December 30, 2012


THE nursing profession was one I never actually considered when I was mulling back then what career path to take. 

After all, I’d always seen nurses just as “assistants” to doctors, helping in carrying out the course of treatment for the patient, but never the actual “star” when you think about the healing profession. If ever, given my temperament and constant strive for superstardom (hala!), I would have loved to have been a doctor. (Of course, not being smart in science and math, as well as being usually impatient with most people, I would have made a very bad doctor.) 

But in the past few months that I’ve been in and out of hospitals on account of my mother’s illness, I’ve found a new and healthier respect for the nursing profession. Not that I ever disrespected nurses before. It’s just that at this point, after having dealt with them on a more extensive basis, I can only say to them, “Bow ako sa inyo.” It is a job with a special calling, much like the religious vocation. Many have applied to become one, but few actually pass to become efficient and caring professionals. 

In truth, nurses are not second-class citizens in the health-care sector, because without them, even the doctor’s world wouldn’t really revolve as smoothly as it’s supposed to be. Behind every successful doctor is a most efficient nurse. The nurses I’ve met at the Philippine Heart Center (PHC) and at the National Kidney and Transplant Institute (NKTI) are not only the most competent but they are the kindest as well! 

Each day that Mama was cooped up at the hospital, she just brightens up whenever her nurses would come in to check on her. I have never seen a more lively, happy, and sincere bunch!. I cannot fathom how they, despite being underpaid and undermanned on some days, or nights, can still smile, joke with their patients, go about their repetitive and routine business, and still perform at topnotch levels. (I’m sure they let off steam with one another when dealing with particularly difficult patients, but they have been trained very well not to let their personal issues get in the way of their job.)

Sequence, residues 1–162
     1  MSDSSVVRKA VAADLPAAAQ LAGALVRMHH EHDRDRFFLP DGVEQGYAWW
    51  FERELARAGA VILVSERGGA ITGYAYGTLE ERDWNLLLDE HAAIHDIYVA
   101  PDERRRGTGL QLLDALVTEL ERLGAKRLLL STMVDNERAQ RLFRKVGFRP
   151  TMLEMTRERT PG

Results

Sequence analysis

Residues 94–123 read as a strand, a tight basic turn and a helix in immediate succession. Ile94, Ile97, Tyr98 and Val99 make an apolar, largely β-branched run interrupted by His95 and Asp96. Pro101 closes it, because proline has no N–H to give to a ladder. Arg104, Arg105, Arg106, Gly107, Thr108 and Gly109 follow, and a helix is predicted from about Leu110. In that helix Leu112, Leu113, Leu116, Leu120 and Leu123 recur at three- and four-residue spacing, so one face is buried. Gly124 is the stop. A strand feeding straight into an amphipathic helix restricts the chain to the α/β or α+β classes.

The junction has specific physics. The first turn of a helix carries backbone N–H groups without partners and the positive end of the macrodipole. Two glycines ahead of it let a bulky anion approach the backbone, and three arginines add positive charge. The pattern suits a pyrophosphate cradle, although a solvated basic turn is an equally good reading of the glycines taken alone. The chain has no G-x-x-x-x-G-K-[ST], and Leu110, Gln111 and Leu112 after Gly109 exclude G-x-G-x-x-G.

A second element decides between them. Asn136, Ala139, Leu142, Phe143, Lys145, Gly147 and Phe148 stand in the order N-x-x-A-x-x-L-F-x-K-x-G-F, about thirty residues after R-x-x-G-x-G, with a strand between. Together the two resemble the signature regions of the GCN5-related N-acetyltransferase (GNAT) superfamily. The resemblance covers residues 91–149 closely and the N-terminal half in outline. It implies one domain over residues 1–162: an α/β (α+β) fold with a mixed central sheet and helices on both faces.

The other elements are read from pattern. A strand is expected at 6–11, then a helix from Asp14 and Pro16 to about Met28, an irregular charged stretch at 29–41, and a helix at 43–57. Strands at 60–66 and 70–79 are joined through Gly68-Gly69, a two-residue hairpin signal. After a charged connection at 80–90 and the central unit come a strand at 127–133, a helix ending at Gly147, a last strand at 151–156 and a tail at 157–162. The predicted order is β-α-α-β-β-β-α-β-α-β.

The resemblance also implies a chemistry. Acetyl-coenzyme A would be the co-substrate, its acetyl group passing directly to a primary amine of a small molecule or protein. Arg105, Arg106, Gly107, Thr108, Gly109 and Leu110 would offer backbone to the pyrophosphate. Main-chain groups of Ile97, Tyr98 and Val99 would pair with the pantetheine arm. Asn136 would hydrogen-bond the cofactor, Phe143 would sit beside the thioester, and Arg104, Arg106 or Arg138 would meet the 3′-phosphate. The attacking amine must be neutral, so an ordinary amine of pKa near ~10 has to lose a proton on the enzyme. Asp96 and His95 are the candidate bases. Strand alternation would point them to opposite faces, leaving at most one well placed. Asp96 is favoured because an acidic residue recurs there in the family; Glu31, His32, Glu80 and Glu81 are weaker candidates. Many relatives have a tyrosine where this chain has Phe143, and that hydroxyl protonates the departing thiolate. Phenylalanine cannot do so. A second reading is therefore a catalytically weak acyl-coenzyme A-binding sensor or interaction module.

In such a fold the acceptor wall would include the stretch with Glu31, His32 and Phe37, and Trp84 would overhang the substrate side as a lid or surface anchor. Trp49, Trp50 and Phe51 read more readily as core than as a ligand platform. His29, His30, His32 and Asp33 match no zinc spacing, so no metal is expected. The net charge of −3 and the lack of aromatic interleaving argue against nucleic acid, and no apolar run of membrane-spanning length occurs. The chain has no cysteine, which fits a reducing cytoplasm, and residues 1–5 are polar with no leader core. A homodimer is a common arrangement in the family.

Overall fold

Someone like me who has been trained to smell BS from the people I interview, I could not detect any falsity or fakery in these nurses’ behavior or attitude toward Mama. They appeared very genuine in their concern for her—always making sure she was at ease or far from discomfort when they stuck a needle in her, or took her blood pressure, or did some other tests. Believe me, it isn’t easy to deal with a makulit old woman like my mother—as well as her attendant boisterous and equally makulit entourage (meaning us, her children and grandkids)—but these nurses just passed with flying colors each time. 

Some of them even went the extra mile just to make sure Mama was well cared for even when they were no longer on duty. J. for example, was supposed to have ended his shift already when Mama was about to undergo an important procedure in another building of the hospital complex. Instead of leaving her in the care of the rest of his colleagues, he helped wheel her bed to the surgery room, going on unpaid overtime just to ensure she would be alright.